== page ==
An often-overlooked category, even by the Academy themselves, Jim Ross and Chris Dobson examine the films nominated for the 2019 Oscar for Best Live Action Short Film.
McCarthy has never shied away from playing disagreeable characters – but her acting here feels more raw than ever, writes Ben Jones.
Fear of loneliness, fear of the inescapability of time… Ben Woodard reviews Bergman’s WILD STRAWBERRIES.
Elle Haywood reviews the opening film of the 69th Berlinale: Lone Scherfig’s THE KINDNESS OF STRANGERS.
Like a lot of teenagers, EIGHTH GRADE is funny, awkward, and ambitious – it is a film that represents an accomplished graduation for both Bo Burnham and Elsie Fisher. Jim Ross reviews ahead of Glasgow Film Festival.
Chupov and Merkulova paint the ungraceful portrait of a struggling man and leave the action seen on screen open to interpretation in THE MAN WHO SURPRISED EVERYONE.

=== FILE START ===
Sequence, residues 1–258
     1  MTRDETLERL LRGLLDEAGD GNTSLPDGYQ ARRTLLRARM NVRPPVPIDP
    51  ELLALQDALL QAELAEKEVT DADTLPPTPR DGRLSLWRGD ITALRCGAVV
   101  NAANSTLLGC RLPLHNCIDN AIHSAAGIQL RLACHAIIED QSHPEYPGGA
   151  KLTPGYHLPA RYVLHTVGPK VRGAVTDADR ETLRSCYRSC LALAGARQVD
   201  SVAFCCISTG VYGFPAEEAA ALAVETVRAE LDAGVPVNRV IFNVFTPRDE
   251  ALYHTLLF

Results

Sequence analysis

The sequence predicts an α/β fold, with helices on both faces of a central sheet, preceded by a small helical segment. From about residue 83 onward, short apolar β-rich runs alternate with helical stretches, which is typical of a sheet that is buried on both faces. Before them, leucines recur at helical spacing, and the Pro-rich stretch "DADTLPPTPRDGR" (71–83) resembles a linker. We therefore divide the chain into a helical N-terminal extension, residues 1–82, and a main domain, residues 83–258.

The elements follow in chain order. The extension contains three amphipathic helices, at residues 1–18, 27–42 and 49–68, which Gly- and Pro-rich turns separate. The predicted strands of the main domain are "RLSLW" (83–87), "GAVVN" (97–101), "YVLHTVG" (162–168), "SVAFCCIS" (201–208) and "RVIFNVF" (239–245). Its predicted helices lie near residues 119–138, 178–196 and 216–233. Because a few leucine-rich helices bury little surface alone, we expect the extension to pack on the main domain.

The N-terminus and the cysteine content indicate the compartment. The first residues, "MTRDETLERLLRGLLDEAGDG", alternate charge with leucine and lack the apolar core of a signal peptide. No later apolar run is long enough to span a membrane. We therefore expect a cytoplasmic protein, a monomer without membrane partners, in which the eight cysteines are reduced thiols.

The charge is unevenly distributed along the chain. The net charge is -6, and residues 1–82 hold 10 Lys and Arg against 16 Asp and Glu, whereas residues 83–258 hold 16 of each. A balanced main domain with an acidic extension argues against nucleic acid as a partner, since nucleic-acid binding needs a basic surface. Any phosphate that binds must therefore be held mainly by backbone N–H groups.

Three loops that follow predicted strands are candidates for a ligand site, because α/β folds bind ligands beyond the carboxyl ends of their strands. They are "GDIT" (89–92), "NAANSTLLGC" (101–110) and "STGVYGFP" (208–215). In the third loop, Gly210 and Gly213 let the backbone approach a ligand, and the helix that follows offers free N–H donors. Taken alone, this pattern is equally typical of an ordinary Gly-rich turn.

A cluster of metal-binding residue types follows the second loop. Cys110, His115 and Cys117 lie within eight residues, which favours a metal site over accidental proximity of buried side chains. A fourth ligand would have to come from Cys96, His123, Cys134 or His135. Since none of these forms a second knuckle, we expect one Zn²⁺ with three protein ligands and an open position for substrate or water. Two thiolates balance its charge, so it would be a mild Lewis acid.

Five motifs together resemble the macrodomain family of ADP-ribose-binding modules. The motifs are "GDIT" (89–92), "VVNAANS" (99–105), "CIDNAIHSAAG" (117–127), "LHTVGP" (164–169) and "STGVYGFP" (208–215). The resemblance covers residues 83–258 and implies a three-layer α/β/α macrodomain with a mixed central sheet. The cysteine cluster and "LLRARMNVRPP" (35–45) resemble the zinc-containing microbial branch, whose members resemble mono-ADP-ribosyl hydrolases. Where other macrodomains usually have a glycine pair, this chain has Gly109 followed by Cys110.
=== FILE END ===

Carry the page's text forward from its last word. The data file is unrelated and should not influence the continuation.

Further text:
GREEN BOOK may not win any awards, and its sense of humour is occasionally problematic – but nevertheless, it’s a heart-warming buddy movie, writes Joshua Ragan.
Although not immune to dragging on in its quest for authenticity, MID90S ragtaggy candour should win affection. Jim Ross reviews ahead of its screenings at Glasgow and Berlinale 2019.
Podcasts from our radio partners are now out. The long-running gem Bums on Seats (Cambridge 105FM), and Cinetopia relaunches on EH-FM Edinburgh.
Despite issues, GLASS represents a successful melding of its two parent films, preserving their strengths and, more often than not, shedding their weaknesses. Alice Pullen reviews.